Through 30 games last year, the Rockies were already in last place, 10 games out of first, with an 11-19 record. The year before, the same year they made it to the World Series, it was the same situation, sitting at 11-17 going into the second day of May.
The Rockies can not use a tough schedule as an excuse for another lousy start, however.
Truth is, manager Clint Hurdle needs to use the difficult opponents as extra motivation for his team to be ready from the start, or for him to get his bags packed.
Yes, the opening schedule is tough. But that can’t be used as an excuse or a crutch.
My school’s football coach recently wrote, “I’ve always said the schedule is like the weather. For the most part, it’s out of your control. You can’t worry about it.”
The team opens up conference play against last season’s three top Mountain West Conference teams, all of them ranked at the end of last season, and two of them in the top 10.
In baseball, each team plays 81 games at home and 81 games on the road. If the Rockies draw a tough early schedule, than it will lighten up later on in the season.
All that the Rockies can control is the product they put out on the field.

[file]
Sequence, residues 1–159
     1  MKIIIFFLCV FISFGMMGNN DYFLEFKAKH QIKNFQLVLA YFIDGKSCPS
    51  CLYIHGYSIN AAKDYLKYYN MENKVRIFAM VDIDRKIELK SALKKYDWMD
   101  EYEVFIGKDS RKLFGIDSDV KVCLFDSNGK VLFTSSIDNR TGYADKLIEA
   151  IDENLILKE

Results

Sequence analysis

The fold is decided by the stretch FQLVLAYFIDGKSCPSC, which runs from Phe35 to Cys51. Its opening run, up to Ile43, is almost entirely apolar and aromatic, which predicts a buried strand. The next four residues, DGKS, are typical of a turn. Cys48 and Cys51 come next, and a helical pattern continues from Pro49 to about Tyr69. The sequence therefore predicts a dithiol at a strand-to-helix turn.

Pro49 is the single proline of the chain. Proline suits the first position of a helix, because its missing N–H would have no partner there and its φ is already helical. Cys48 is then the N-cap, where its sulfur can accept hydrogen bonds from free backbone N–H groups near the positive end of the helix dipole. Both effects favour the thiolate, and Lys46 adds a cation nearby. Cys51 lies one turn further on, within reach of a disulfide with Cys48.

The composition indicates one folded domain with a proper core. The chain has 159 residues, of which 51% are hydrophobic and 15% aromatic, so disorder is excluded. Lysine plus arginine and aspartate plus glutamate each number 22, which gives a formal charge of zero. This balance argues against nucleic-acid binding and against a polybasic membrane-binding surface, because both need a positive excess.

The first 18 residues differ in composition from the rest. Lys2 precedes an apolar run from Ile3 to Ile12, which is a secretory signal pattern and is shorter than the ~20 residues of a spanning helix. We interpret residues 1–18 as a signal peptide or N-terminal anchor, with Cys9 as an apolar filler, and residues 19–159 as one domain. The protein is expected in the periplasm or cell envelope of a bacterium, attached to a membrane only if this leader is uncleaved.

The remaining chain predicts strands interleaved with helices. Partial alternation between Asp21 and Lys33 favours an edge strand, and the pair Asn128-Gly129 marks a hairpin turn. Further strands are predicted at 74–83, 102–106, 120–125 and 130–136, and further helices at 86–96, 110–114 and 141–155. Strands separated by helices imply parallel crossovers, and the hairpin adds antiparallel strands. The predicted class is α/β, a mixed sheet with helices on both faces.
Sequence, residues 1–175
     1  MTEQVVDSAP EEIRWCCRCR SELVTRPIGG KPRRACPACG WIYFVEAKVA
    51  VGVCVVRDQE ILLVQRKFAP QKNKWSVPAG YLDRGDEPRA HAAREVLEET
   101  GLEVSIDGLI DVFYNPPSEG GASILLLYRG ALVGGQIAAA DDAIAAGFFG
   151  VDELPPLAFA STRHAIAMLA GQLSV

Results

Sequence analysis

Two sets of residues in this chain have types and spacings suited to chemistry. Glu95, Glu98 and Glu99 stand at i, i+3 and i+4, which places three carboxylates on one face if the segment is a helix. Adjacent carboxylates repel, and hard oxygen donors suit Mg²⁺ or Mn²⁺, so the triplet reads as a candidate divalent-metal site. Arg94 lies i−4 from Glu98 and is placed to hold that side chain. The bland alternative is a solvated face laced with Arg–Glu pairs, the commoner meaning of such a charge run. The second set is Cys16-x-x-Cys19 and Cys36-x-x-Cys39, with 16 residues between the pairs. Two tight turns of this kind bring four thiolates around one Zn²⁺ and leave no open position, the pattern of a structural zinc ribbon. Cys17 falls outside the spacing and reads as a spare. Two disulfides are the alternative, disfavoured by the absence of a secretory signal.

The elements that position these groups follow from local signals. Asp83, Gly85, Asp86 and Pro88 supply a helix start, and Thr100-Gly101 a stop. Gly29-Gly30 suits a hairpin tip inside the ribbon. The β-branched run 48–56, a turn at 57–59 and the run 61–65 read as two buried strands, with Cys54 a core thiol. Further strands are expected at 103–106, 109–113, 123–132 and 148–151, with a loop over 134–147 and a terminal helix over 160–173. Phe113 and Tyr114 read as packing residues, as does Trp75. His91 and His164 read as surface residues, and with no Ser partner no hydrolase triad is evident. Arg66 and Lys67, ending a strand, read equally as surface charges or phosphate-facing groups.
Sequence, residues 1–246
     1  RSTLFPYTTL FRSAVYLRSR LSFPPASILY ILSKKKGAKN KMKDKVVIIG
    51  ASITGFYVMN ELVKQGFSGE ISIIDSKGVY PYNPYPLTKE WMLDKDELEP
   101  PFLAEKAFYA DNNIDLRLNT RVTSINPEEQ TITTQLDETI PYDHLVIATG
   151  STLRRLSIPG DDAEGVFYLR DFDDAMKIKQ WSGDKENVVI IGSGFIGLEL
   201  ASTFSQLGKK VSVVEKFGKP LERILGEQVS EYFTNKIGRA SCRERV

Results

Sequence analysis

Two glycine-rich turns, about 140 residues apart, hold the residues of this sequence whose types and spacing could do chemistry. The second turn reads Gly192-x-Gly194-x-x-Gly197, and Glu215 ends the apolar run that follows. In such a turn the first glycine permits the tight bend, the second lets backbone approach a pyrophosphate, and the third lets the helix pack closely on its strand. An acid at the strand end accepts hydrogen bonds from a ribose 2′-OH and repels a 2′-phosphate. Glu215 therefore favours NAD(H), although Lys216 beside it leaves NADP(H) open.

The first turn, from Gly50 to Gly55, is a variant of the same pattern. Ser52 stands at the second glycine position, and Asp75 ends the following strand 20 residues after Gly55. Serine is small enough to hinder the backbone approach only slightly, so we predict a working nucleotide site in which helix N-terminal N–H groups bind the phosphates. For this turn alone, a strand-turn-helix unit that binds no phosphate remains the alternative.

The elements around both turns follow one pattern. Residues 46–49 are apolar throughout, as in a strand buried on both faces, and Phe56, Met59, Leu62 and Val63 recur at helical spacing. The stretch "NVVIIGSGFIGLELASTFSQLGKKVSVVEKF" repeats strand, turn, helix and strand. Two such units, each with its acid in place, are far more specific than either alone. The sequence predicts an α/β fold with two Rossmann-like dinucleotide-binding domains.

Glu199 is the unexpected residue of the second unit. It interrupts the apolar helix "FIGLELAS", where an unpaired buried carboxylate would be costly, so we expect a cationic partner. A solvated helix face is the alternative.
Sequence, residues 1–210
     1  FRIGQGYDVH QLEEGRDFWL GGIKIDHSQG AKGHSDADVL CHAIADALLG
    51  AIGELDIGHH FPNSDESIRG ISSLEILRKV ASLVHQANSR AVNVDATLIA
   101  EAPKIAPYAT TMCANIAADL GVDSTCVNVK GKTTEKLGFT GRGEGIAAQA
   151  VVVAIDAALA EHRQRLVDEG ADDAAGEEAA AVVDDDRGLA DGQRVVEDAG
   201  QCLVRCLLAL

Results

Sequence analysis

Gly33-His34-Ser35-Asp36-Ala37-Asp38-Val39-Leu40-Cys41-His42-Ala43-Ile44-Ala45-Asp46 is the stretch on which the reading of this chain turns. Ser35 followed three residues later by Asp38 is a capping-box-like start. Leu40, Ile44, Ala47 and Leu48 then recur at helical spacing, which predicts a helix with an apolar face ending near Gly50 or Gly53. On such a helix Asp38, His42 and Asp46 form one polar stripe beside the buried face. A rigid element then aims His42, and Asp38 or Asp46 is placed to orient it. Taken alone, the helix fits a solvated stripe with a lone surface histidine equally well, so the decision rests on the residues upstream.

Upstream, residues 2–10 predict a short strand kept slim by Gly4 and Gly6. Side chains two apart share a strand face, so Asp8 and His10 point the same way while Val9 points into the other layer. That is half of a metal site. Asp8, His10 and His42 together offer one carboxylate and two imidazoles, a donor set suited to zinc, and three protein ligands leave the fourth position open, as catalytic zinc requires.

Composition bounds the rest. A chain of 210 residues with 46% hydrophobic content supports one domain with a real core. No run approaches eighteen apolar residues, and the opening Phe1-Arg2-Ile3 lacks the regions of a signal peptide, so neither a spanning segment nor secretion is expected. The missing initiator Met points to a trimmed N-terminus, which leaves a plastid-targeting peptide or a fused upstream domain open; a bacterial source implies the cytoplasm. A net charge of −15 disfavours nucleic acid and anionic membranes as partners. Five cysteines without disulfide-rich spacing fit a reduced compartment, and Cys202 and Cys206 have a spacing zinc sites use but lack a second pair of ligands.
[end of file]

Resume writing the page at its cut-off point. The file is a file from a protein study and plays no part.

** This article is also featured on Bleacher Report **
They’re not a team made up of speed, but they’re showing aggressiveness.
“What you don’t want to see is to have this type of program in spring training and then drop back to Plan B in the regular season,” manger Clint Hurdle said. “We can’t afford to do that. We’ve got to stay aggressive and look to pick up 90 feet whenever we can, with whoever is on base.”
In 2008, speedy Willy Taveras led the major leagues with 68 stolen bases. It stands as quite an accomplishment, especially considering he posted just a .308 on-base percentage as a leadoff hitter.
His offensive struggles kept him from a spot with Colorado in 2009.
Hurdle made it an immediate emphasis this spring to be more aggressive and steal more bases.
As of Sunday, four Rockies rank among the MLB’s top 50 this spring in stolen bases. The team as a whole ranks second in the MLB with 36 bags, behind only the young Rays with 38.
This doesn’t mean that they are the quickest team out there. The Rockies have been caught stealing 18 times, which is tied for first.
What it does mean is that they are being aggressive and attempting to steal more bags than any other team.
Despite ranking among the top teams in 2008 with 141 stolen bases, the Rockies were not a team full of speed. The team’s top two players based on stolen bases are no longer with the team (Taveras and Matt Holliday). Out of the rest of the team, only four players successfully stole more than two bases–Clint Barmes with 13, Scott Podsednik with 12, Ryan Spilborghs with seven, and Jeff Baker with four.
The Rockies had one player with speed, but not an entire team that could catch an opposing pitcher off guard.
Speed can be an essential element to the game.
In 2007, Taveras and Kaz Matsui led the charge for Colorado with a strong 1-2 punch. With the two players at the top of the lineup, it became a key component to scoring early runs.